Earlier this year before CES 2016, we approached ASUS with an idea: as the Republic of Gamers brand is now in its 10th year of operation, we wanted to get together and discuss the feeling and utility of ROG a decade on, record it, have a question and answer session from our readers, and publish the video. The Republic of Gamers brand from ASUS has been difficult to ignore, both from an engineering perspective when it comes to motherboards and graphics cards, but also the origin story, integration with users, and the expansion out to many different product lines. I felt it was important to hear from the source, and see what makes the mind tick of some of the integral cogs behind the ROG experience.

For long time AnandTech readers, you will know that very few people in this industry stay in one position – in recent times, Dustin has moved to Corsair, Vivek now works with Razer, and Anand works at Apple. I started as Senior Motherboard Editor back in 2011, when my predecessor Rajinder Gill took a position within ASUS’ technical team. His predecessor, Gary Key, is also with ASUS and currently sits as Director of Marketing for ASUS USA.

Vivian Lien

Chief Marketing Officer, ASUS USA

ASUS Marketing
from 2006/2007
Gary Key

Director of Marketing, ASUS USA

AnandTech Motherboard Senior Editor 2005-2008
Rajinder 'Raja' Gill

Technical PR Manager, ASUS USA

AnandTech Motherboard Senior Editor 2008-2010
Ian Cutress

10 Years of ROG Round Table Chair

Current AnandTech Motherboard Senior Editor from 2011

At the time when Gary, Raja and Kris Boughton (another former motherboard editor for AnandTech) were probing the original models, Vivian was one of their direct ASUS contacts, ensuring that direct line of communication and filling them in on the details. Then when Gary joined ASUS, Raja had Gary as his main contact, and so on, meaning that for this discussion we have the ASUS-AnandTech contact line right from the initial ROG launch.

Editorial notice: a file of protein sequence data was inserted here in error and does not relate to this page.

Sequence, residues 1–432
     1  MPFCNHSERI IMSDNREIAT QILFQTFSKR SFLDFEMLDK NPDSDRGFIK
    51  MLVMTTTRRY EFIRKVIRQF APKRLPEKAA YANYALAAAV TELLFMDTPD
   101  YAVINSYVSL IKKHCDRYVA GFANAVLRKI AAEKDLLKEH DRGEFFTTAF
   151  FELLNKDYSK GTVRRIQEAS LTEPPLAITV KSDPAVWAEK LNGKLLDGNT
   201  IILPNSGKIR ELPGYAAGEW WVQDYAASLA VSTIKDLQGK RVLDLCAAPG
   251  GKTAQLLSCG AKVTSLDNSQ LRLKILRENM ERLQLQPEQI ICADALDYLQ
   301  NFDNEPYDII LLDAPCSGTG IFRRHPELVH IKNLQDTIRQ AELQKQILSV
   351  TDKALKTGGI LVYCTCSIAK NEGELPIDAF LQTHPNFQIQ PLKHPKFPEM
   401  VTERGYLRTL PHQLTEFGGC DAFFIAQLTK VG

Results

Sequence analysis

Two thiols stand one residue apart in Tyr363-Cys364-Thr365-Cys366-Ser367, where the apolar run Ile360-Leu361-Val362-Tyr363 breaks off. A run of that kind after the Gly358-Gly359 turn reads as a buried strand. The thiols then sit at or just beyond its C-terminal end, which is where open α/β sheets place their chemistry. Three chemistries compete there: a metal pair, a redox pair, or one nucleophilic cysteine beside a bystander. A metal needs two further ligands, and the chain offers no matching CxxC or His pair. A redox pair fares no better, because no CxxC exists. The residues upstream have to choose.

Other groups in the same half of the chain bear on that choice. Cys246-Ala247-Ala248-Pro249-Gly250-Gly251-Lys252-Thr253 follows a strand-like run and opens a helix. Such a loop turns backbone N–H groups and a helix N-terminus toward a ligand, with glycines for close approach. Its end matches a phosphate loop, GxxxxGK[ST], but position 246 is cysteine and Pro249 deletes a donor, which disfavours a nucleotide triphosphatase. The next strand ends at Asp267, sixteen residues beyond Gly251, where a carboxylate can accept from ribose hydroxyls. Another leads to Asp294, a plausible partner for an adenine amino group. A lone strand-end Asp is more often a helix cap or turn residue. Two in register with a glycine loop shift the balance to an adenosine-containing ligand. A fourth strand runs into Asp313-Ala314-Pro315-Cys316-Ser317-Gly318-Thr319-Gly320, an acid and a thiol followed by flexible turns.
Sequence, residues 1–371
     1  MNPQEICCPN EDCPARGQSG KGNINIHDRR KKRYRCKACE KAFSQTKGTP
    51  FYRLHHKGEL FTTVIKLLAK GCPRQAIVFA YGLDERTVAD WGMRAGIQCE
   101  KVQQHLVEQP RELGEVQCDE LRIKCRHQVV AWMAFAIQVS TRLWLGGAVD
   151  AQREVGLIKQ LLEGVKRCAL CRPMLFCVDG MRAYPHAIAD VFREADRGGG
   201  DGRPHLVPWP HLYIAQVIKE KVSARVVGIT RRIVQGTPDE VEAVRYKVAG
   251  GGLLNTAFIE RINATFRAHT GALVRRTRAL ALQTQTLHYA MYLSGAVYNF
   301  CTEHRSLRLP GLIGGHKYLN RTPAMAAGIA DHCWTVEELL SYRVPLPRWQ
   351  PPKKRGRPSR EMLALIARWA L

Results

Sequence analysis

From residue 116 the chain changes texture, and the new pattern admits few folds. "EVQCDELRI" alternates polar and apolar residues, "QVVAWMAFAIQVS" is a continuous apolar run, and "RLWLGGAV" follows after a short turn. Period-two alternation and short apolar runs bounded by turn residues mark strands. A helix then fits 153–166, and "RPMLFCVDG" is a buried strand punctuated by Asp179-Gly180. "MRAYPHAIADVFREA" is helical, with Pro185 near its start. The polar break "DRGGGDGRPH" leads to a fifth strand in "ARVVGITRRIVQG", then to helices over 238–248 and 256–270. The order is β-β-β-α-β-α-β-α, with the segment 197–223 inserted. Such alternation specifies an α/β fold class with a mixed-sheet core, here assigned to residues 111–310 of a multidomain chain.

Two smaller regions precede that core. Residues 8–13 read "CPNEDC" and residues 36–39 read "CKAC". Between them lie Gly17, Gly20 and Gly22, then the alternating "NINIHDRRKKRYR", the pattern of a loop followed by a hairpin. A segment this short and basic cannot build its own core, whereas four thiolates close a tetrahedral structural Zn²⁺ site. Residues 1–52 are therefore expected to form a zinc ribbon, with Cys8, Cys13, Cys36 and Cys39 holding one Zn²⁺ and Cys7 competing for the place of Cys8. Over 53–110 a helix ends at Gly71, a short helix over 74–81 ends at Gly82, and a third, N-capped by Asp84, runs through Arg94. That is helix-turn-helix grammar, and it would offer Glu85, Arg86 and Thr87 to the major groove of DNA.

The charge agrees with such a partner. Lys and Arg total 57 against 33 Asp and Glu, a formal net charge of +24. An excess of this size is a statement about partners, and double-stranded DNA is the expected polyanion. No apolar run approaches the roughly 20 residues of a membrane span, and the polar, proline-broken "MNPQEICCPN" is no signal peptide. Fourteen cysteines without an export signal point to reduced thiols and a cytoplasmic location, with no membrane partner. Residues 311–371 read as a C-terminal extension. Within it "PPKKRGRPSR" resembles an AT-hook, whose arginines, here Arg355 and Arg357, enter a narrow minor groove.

Between the AnandTech motherboard reviewing staff, we have covered the Republic of Gamers brand from its inception, with both Gary and Raja now involved in various levels with members of the team that designs, develops, tests and pushes the ROG ecosystem, then managing the perception of it as part of the ASUS brand within North America.

If we look back at AnandTech’s content history, the deep dives from both Gary and Raja into those products are still insights into motherboard design and complexity. They are certainly worth a read several years on, along with Kris Boughton’s reviews, who worked alongside Gary in 07/08. For those interested, here’s every ROG motherboard we’ve ever tested:

07-2007: ASUS ROG at Computex – Gary Key
11-2007: Maximus Formula Review – Rajinder Gill
12-2007: Maximus Extreme Review – Rajinder Gill
01-2008: Rampage Formula Review – Kris Boughton
03-2008: Striker II Formula Review – Rajinder Gill
04-2008: Striker II Extreme Review – Kris Boughton
10-2008: Rampage II Extreme Review – Gary Key
11-2009: Maximus III Formula Review – Rajinder Gill
04-2010: Maximus III Extreme Review – Rajinder Gill
07-2010: Rampage III Extreme Review – Rajinder Gill
04-2012: Crosshair V Formula Review – Ian Cutress
08-2012: Rampage IV Gene, Formula and Extreme Review – Ian Cutress
03-2013: Maximus V Formula Review – Ian Cutress
05-2013: Maximus V Gene Review – Ian Cutress
11-2013: Maximus VI Impact Review – Ian Cutress
01-2014: Rampage IV Black Edition Review – Ian Cutress
12-2014: Maximus VII Impact Review – Ian Cutress
06-2015: Rampage V Extreme Review – Ian Cutress
12-2015: Maximus VIII Impact Review – Ian Cutress

You may remember we interviewed Dr Albert Chang, Senior Division Director of ASUS Motherboard Business Unit Research and Development back in 2014 about the general path for motherboard design, and how the ROG team is designed to be that skunkworks element of engineering. Raja assists ROG’s internal impromptu extreme overclocking events with top overclockers as well as community management, so we picked his brains on how design ideas from the forums and events assist product design.

As a result of the ASUS ROG push, we end up meeting with ASUS frequently at events (much like other companies), but a round table was a great chance to get a decade of AnandTech Senior Motherboard Editors in front of the camera with Vivien Lien, the CMO of ASUS USA who was part of the team that supplied the first set of ROG motherboards we tested to AnandTech. We also posted an open Q&A pipeline, inviting questions from readers. I took the best part of a dozen of those questions for the round table.

Audio only download: MP3

Timestamps MM:SS

00:06 – Intro
02:50 – Starting with the Rampage Extreme
04:20 – How to begin a gaming focused brand
05:55 – Several years for ROG profitability, the changing nature of Gaming
07:25 – Engineering and Overclocking
09:50 – The X79 motherboard that was never sold, but helped future platforms
13:30 – Evolution of the OC Panel
14:45 – Custom hardware development and implementation
16:15 – Republic of Gamers in 2006/07: Teething Issues
18:35 – ASUS sends an engineer to Gary’s house to fix it             
19:45 – Translating an issue, that needs an ASUS engineer to fix, into feedback for the future
22:13 – ROG Forums and ASUS’ official presence on other major forums for support/feedback
23:25 – Start of Q&A
24:00 – Q1 from zodiacfml: Make an ASUS ROG Smartphone!